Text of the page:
It almost feels a little odd to be writing here on this 'Blog about what is arguably the world's first novel, a book believed to be written exactly one thousand years ago back in the eleventh century by a Japanese noblewoman. What would she make, one wonders, of the world of 'Blogging and the Internet? Perhaps more importantly, what would she make of this anime translation of this ancient work? Funnily enough for the first ever novel, it was written in a way that should translate perfectly into its anime form, split as it is into chapter by chapter instalments. So, what to make of Genji Monogatari Sennenki (or, to give it its English title, The Tale of Genji: A Millennium Old Journal) from its opening episode?
If you haven't guessed from the title, Genji (or rather, Hikaru Genji to give him his full name) is the focus of the story, and for much of this first instalment we're lead through part of his childhood, most specifically from the age of nine, where one day he spies a beautiful women, immediately becoming besotted with her and taking every possible opportunity to see her. Imagine Hikaru's shock then when this girl, Fujitsubo, is revealed as the new wife of Hikaru's father, the reigning Emporer of Japan.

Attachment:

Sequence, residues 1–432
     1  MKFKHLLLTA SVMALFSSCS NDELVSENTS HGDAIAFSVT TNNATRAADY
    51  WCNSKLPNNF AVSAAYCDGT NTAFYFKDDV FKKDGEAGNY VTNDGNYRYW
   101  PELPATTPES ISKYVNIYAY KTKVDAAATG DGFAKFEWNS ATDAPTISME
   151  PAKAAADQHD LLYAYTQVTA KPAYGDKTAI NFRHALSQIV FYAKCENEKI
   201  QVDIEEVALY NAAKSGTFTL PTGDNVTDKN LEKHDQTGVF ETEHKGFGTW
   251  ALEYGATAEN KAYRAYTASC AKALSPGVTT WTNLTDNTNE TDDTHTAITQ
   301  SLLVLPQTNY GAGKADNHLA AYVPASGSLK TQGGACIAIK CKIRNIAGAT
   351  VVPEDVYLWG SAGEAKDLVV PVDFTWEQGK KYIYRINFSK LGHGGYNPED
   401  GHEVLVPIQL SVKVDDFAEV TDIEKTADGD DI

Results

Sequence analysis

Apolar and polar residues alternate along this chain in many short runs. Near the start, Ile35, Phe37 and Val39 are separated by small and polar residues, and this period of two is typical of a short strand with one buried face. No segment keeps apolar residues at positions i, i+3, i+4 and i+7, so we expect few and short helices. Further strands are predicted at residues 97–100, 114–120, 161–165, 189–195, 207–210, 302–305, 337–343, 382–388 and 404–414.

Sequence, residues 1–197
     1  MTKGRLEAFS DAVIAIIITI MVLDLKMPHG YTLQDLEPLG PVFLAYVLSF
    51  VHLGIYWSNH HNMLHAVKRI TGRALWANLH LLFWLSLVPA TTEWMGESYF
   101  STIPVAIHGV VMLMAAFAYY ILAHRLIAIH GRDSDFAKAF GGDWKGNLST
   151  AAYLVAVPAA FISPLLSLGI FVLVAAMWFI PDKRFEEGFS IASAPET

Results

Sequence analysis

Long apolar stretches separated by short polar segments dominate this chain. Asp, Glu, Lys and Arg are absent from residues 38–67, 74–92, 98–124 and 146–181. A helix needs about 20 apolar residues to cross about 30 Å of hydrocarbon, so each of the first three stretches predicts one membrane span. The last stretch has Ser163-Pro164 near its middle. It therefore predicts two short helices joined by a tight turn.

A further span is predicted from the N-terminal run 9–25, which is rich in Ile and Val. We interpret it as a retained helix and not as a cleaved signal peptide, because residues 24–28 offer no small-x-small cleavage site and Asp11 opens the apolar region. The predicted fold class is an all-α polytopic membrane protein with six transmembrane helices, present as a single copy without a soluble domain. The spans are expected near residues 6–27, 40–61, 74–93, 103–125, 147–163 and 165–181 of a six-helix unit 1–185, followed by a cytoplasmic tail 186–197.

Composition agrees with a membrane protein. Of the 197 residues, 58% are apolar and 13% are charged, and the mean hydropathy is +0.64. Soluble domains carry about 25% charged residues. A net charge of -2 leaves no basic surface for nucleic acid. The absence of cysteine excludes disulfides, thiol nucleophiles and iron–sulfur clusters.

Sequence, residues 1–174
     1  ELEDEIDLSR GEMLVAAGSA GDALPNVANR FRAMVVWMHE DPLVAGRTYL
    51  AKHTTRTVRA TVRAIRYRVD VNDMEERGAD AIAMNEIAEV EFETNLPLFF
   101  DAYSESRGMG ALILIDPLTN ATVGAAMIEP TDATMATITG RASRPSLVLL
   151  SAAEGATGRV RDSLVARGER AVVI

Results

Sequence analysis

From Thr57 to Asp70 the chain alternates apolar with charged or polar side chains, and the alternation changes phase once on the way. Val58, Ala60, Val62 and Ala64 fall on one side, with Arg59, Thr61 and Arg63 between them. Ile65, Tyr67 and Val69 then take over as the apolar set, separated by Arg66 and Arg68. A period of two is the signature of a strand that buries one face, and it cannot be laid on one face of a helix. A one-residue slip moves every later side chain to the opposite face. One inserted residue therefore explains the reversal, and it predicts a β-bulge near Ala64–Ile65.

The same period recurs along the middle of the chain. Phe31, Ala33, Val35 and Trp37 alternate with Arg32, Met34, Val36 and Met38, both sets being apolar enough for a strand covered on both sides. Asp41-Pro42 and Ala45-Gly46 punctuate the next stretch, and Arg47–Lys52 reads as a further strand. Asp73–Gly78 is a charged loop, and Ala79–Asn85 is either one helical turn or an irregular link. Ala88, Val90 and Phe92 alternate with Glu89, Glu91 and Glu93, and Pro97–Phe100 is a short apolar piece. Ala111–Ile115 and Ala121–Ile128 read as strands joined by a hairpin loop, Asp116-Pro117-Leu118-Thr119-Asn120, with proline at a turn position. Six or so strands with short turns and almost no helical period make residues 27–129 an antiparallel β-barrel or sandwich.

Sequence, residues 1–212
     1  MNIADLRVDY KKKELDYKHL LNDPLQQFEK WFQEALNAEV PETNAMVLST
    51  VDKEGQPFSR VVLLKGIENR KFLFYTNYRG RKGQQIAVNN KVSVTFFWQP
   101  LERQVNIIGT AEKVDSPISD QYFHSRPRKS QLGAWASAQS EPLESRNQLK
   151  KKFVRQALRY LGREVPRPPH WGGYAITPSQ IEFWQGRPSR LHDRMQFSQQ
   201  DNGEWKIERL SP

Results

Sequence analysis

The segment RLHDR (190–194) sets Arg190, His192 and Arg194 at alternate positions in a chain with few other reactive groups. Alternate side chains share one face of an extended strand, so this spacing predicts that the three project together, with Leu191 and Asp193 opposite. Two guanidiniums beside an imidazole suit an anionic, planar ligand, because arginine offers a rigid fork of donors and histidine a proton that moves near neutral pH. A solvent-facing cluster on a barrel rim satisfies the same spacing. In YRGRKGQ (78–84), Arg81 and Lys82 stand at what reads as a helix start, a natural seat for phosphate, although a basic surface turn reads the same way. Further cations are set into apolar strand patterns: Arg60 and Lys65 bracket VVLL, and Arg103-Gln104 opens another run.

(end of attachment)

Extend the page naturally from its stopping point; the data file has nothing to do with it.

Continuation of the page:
Initially it seems as though Hikaru has quickly gotten over this shock, enjoying the company of his new mother who is young enough, in practical terms to be his sister, but inwardly this is clearly not the case, and one day he plucks up the courage to kiss her on the lips. This event is never spoken of again, but hangs between the two of them until Hikaru's twelfth birthday, where his rite of passage as an adult means that he should never see her again. All of this is intertwined with short scenes involving an older Hikaru, who has built up an impressive reputation as a ladies man by all accounts.
So, in essence, this opening episode of Genji Monogatari Sennenki is a love story, the kind that (slightly incestuous plot aside) could grace any modern romantic novel. The anime treatment of this first instalment seems to work pretty well, keeping things moving along in a clear and concise fashion, and with an animation style that suits the era and feeling of the piece (although the same can't be said of the opening theme music). This series isn't strictly "my kind of thing" in anime viewing terms, but as a piece of cultural knowledge it's fascinating to watch in its own particular way, enough so to make me want to dig up and read an English translation of the original novel after having done a little digging about the story on good old Wikipedia. I have no iddea whether this series will manage to hold my attention for its entire eleven episode run, but at least I feel like I've educated myself ever so slightly about something new today, and that can only be a good thing.